There’s a new Italian restaurant in town! Better yet, it’s a new Italian restaurant that’s really close to our home! This new player is Pomo, joining the two other boot-nation joints in Ramat Hachayal Hi-Tech campus Joya and Pronto Kiosko.
The place was opened a month ago and currently only operates in the evenings. We were told they are planning to open for lunch soon. The menu is divided, like most Italian restaurants, into Starters, Main, Salads, Pasta, Pizza and Special. What I liked about it is that alongside classical and simple dishes, they also offer some more unique and interesting combinations with ingredients you won’t likely find in other Italian restaurants.
The pizza menu, for example, features the staple Margarita (49₪ \ $14) with tomatoes, mozzarella, Parmesan and basil. Further down this section you can spot dishes like Pizza Inverno (59₪ \ $16.5) with pumpkin, mascarpone and chestnuts, and Pizza Vera (66₪ \ $18.5) with broccoli, pecorino romano, ricotta cheese and lemon.
The place is beautifully decorated in brown and green notes. It has an open kitchen, a big Tabun oven with a chimney large enough for Santa to fit (not sure he’ll be able to get out the same way after having some pizzas though). The seating arrangements are suited for every occasion – big tables, bar and outside seating.
We arrived at the restaurant in the early evening and were offered to sit at the bar. We requested a window-side table if possible (it’s better for the pictures), and one minute later we were escorted to a nice table across the kitchen.
Our waitress came to introduce herself at a perfect timing and offered to help us assemble our dinner. She was knowledgeable about each dish and its ingredients and knew how to guide us according to our preferences. Throughout the entire meal our water bottle was filled without us having to ask and the entire set of utensils was replaced following our starters. It’s all those small things that count and can turn a good dining experience into a great one.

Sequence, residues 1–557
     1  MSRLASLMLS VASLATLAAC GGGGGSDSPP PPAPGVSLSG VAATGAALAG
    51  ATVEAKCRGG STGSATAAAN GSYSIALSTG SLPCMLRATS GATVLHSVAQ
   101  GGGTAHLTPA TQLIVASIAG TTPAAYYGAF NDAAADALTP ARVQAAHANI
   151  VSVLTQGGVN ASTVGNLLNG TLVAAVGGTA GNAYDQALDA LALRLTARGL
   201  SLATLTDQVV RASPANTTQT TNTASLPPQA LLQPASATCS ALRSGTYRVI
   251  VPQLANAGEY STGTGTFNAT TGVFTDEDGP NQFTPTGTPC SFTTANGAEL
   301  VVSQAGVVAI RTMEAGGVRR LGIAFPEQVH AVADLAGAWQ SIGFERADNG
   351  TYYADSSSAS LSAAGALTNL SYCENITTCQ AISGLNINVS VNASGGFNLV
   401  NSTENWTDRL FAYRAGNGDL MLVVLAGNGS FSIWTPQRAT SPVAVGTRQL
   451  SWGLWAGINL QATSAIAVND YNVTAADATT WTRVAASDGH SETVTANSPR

We decided on two starters in addition to one pizza and one pasta. Waiting for our starters we discussed how might Pomo fight for customers with its Italian neighbor Joya, especially if its lunch menu is priced competitively.
Both starters then arrived to the table. The Pumpkin in the Tabun (41₪ \ $11.5) came with bushe cheese, parmesan, 3-years balsamic and pistachios. The 3 pumpkin pieces were charred and had the perfect texture – not too mushy and with just the right amount of cheese and oil to keep every bite interesting.
The next dish was an even bigger surprise – with a blast full of flavors like sweet, spicy and salty. Also much easier to split between 2 people. On a long plate were 4 small Bruschettas with Red Tuna (53₪ \ $15). Each slightly-overly-toasted piece of bread was topped with tuna diced to small cubes and mixed with shallot, coriande and aioli de pepperchino (peppers).
A short interlude in the dinner enabled us to prepare some room in the stomach for the doughy part of the meal. We went for a more classic pasta dish, and a somewhat adventurist pizza one, since the pizza section is where the chef’s imagination really let loose. The Calabria Pizza (67₪ \ $19), named after the southern region in Italy which forms the “toe” of the boot. This is a white pizza topped with crème fraîche, mozzarella, potato, egg, pancetta and asparagus. The crust was perfectly made – not too thick and not too thin. It was able to hold all the toppings when held and folded in half. The cheese-dough balance was perfect. The egg yolk was runny. The high-quality ingredients were also of the right amount. The only negative thing I have to say the uneven spread of the toppings, specifically the pancetta that was populating almost exclusively one slice.
The pasta dish we chose, from the Special section on the menu, is Tortellini Veal Cheek (74₪ \ $21) – a minimalist dish served with beef stock and parmesan. These soft pillows had a balanced ratio of filling to dough. Elegant and so tasty.
Pomo’s dessert menu features desserts made by Otmazgin. There are six options: Lemon Tart, Chocolate, Mille-feuille, Tiramisu and Ice Cream and the one we ordered – Pisa (42₪ \ $12). Indeed resembling the Pisa tower, this dish comprised of baked meringue, vanilla chantilly and berries. As soon as the dessert arrived to out table I quickly found myself disappointed. The dessert was the weakest part of the meal. For some reason someone thought it would be a good idea to put canned cherries on the plate and micro basil. Also there was far too much meringue or too little creme, depending how you want to look at it.
Overall, our meal was very enjoyable, start to finish, and we think that Pomo definitely sets the bar high for other restaurants in Tel Aviv in general, and in the Ramat Hachayal area in particular. Our only hope is that they step up their dessert game and give the sweet dishes the same amount of care and love as they do with the savory dishes.